We have already talked about evolutionary algorithms and neural networks. Today’s topic is neuroevolution, i.e. the evolution of neural networks. This topic is currently becoming very relevant again due to the development of methods based on deep learning. Algorithms for neuroevolution have recently been extended to algorithms for finding neural network architectures.

The field of neuroevolution can be divided into three subfields according to what the algorithms evolve - the evolution of network weights, the evolution of topology, and the evolution of both at the same time.

Evolution of network weights

The evolution of neural network weights is the simplest from the point of view of coding an individual. We assume here that the architecture of the neural network is fixed, i.e. the number of its weights is also fixed and the entire neuroevolution is reduced to a problem of continuous optimization. Most often, simple evolutionary strategies are used in this area - a random number from a normal distribution with zero mean and small variance (which is the same for all weights) is added to each gene of an individual. More complex evolutionary strategies are typically not used much because their overhead for weight adaptation can be quite large.

Why use evolution instead of gradient methods? Gradient methods are often faster for supervised learning, e.g. for training networks for classification. But evolution has several significant advantages for reinforcement learning. One of them is significantly better parallelization and the possibility to use more CPU cores - in reinforcement learning, the main problem is the evaluation of the environment, which can take a relatively long time compared to the time needed to calculate the gradient and propagate the weights. Additionally, this evaluation often cannot be done on a GPU. Evolutionary strategies can be parallelized very well, and algorithms where evolutionary strategies run on hundreds of CPUs are no exception.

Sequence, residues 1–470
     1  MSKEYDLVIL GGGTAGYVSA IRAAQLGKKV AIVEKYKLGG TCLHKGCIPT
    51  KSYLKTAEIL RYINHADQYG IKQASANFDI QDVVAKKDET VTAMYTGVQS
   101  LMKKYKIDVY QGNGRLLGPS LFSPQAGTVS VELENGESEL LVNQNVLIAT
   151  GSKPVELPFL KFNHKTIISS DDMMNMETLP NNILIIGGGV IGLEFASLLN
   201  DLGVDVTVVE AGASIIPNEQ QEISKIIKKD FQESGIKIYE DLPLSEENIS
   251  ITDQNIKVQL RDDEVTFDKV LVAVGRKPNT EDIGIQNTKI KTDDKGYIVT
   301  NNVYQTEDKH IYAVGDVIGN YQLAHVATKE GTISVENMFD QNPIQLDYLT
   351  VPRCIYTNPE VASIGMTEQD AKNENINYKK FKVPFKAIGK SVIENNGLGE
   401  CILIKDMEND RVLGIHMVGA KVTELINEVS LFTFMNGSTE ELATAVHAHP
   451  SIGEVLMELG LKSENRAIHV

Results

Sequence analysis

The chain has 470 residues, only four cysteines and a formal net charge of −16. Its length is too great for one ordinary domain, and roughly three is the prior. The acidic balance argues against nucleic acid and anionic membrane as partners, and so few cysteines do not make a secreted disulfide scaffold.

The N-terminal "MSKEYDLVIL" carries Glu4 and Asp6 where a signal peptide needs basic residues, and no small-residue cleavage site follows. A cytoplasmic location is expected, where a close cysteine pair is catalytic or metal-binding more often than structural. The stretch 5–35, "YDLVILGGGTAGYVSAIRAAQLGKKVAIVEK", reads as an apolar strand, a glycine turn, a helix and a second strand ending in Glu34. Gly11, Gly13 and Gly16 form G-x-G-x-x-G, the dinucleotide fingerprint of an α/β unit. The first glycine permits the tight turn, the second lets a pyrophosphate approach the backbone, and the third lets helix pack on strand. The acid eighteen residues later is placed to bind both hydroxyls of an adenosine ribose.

The second area where evolutionary strategies have the upper hand is in environments with sparse rewards - imagine a game where you only get a score at the end and not at every step along the way. In such a game, common deep reinforcement learning algorithms run into the problem that their reward estimates are propagated very slowly (for all but the last state, the estimate is 0 after the first playthrough of the game). Evolutionary strategies don’t mind this - they only use fitness at the end anyway. Sometimes evolutionary strategies are even combined with deep reinforcement learning algorithms so that the games played in evolution are used to train the networks in the deep reinforcement learning algorithms.

Evolution of weights and topology

A typical algorithm that evolves the weights of the network and its topology at the same time is NEAT (Neuro-evolution of Augmenting Topologies). The NEAT algorithm is somewhat similar to Cartesian genetic programming algorithms. Its individuals are made up of a list, which contains in each item information about one weight in the neural network - which neurons it connects, and what its value is. In addition, each weight has a flag if this connection in the network is active or not and also its “innovation number” - an identifier that aims to find out which weights in two different individuals have the same history and therefore should have a similar function. This is used within genetic operators.

NEAT uses two types of mutations - adding a neuron and adding an edge. In both cases, when an edge is added, a new innovation number is generated for each new edge. Adding an edge adds a new edge to the end of an individual, adding a neuron selects an edge in the individual, splits it into two by adding a neuron, adds new edges to the end of the individual, and sets the original edge to inactive.